The Jurassic period is a geologic time period and system that spanned 56 million years from the end of the Triassic Period about 201.3 million years ago to the beginning of the Cretaceous Period 145 million years ago. It constitutes the middle period of the Mesozoic Era and is divided into three epochs: Early, Middle, and Late. The name “Jurassic” was given to the period by geologists in the early 19th century based on the rock formations found in the Jura Mountains, which were formed during the Jurassic period.

Jul 8, 2023

Engineering cellular communication between light-activated synthetic cells and bacteria

Posted by in categories: bioengineering, biotech/medical, chemistry

Synthetic cells are a versatile technology with the potential to serve as smart delivery devices or as chassis for creating life from scratch. Despite the development of new tools and improvements in synthetic cell assembly methods, the biological parts used to regulate their activity have limited their reach to highly controlled laboratory environments12. In the field’s preliminary work, well-established arabinose and IPTG-inducible transcription factors and theophylline-responsive riboswitches were used to control in situ gene expression5,6. Still, each performed poorly in vitro and represented a leaky, insensitive route of transcription/translation control. Later, the transition to AHSL-sensitive transcription factors afforded synthetic cells the ability to sense and produce more biologically useful QS molecules, which are central to coordinating collective bacterial behaviors. Although this marked considerable progress toward integrating synthetic cells with living cells, the most frequently adopted QS systems used to date, LuxR/LuxI and EsaR/EsaI, recognize and synthesize the same AHSL (3OC6-HSL), limiting the variety of synthetic cell activators that work orthogonally5,7,10,11.

In this work, we diverged from using naturally derived parts to control gene expression, instead utilizing chemically modified LA-DNA templates to tightly and precisely control the location of synthetic cell activation with UV light. This LA-DNA approach was subsequently implemented to regulate communication with E. coli cells using the BjaI/BjaR QS system, adding this unique branched AHSL into the synthetic cell communication toolbox. We believe this system is ideally suited to synthetic cell communication. It couples an acyl-CoA-dependent synthase, BjaI, which efficiently synthesizes IV-HSL from its commercially available substrates, IV-CoA and SAM, with a highly sensitive IV-HSL-dependent transcription factor, BjaR, that activates gene expression at picomolar concentrations of IV-HSL.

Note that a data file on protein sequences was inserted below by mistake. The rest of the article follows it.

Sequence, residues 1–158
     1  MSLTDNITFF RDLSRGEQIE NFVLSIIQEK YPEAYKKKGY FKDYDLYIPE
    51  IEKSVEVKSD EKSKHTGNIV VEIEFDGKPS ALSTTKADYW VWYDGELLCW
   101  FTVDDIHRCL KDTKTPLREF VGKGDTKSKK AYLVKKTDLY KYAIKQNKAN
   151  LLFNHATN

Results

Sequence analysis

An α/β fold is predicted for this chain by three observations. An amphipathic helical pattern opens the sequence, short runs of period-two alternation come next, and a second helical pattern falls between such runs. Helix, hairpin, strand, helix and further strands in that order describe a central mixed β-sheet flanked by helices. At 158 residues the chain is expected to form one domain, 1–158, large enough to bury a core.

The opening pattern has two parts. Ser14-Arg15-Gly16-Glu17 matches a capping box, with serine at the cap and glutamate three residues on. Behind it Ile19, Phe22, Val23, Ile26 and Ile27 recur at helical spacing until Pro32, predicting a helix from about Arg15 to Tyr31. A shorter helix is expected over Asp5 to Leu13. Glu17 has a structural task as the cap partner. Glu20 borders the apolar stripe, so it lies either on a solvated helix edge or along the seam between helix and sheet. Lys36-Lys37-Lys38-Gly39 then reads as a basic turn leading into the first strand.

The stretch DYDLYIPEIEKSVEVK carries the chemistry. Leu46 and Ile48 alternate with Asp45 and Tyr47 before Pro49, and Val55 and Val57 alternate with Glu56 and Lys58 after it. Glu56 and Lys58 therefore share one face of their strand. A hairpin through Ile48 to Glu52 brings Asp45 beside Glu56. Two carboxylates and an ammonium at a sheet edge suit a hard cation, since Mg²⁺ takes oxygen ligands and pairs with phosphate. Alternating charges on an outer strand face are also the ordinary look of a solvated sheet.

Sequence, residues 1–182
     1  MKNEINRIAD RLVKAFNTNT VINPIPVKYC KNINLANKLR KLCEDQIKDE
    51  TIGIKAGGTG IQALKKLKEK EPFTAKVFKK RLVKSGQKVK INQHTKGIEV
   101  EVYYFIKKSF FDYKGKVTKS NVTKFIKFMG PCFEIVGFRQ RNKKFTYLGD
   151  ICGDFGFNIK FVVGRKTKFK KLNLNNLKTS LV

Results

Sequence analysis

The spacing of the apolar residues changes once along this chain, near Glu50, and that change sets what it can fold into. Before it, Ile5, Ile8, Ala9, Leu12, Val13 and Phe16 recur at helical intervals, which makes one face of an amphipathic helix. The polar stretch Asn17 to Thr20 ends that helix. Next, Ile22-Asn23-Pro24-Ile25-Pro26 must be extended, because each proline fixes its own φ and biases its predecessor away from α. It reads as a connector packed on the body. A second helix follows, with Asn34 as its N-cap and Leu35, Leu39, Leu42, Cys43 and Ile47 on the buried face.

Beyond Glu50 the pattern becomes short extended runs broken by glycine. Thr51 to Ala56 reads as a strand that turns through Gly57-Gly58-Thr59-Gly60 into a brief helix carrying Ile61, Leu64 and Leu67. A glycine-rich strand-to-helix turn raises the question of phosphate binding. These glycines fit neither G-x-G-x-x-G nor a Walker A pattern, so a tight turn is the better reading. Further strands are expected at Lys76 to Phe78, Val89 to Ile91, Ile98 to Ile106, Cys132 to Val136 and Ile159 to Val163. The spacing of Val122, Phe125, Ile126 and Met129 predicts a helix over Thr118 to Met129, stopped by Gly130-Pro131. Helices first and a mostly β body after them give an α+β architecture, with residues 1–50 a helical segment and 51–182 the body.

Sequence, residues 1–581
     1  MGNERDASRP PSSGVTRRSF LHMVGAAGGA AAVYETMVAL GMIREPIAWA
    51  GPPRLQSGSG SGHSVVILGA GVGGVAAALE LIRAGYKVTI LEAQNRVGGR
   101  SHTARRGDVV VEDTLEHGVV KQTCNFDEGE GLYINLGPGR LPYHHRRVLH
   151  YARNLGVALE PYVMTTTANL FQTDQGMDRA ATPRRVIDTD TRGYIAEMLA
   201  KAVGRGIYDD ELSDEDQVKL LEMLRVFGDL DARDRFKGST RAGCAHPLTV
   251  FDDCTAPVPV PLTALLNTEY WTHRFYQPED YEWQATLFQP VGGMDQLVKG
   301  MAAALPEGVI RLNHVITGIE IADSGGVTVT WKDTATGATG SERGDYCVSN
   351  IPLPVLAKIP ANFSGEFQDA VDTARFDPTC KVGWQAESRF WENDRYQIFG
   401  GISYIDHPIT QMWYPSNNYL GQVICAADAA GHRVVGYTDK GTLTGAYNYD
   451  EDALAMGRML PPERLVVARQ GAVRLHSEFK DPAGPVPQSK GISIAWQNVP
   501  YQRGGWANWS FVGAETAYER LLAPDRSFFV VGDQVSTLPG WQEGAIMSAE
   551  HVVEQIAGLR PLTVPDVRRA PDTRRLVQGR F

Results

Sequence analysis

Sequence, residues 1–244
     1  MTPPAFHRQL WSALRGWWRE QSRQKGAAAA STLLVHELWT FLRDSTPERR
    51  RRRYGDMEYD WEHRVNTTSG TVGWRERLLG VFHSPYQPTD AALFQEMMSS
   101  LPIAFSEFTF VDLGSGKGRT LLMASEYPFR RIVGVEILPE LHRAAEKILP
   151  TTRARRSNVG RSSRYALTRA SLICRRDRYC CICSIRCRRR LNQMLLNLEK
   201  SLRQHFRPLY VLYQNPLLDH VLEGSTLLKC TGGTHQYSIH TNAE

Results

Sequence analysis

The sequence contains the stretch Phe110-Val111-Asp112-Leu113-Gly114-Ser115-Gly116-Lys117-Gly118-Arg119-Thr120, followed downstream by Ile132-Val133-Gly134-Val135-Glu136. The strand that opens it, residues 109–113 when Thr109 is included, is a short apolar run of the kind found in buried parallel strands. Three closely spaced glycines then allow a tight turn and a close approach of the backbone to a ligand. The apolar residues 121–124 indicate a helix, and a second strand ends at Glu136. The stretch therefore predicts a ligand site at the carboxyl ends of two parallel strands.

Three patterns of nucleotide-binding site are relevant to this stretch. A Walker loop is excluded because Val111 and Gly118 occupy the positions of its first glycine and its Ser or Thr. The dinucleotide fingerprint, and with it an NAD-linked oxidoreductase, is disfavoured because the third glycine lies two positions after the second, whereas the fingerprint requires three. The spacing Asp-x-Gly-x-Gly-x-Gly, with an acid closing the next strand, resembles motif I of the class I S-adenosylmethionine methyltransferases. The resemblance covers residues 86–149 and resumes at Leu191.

Jul 6, 2023

Artificial cells demonstrate that ‘life finds a way’

Posted by in categories: bioengineering, biotech/medical, education, evolution

Evolutionary biologist Jay T. Lennon’s research team has been studying a synthetically constructed minimal cell that has been stripped of all but its essential genes. The team found that the streamlined cell can evolve just as fast as a normal cell—demonstrating the capacity for organisms to adapt, even with an unnatural genome that would seemingly provide little flexibility.

Details about the study can be found in a paper featured in Nature. Roy Z. Moger-Reischer, a Ph.D. student in the Lennon lab at the time of the study, is first author on the paper.

“Listen, if there’s one thing the history of evolution has taught us is that life will not be contained. Life breaks free. It expands to new territories, and it crashes through barriers painfully, maybe even dangerously, but… ife finds a way,” said Ian Malcolm, Jeff Goldblum’s character in Jurassic Park, the 1993 science fiction film about a park with living dinosaurs.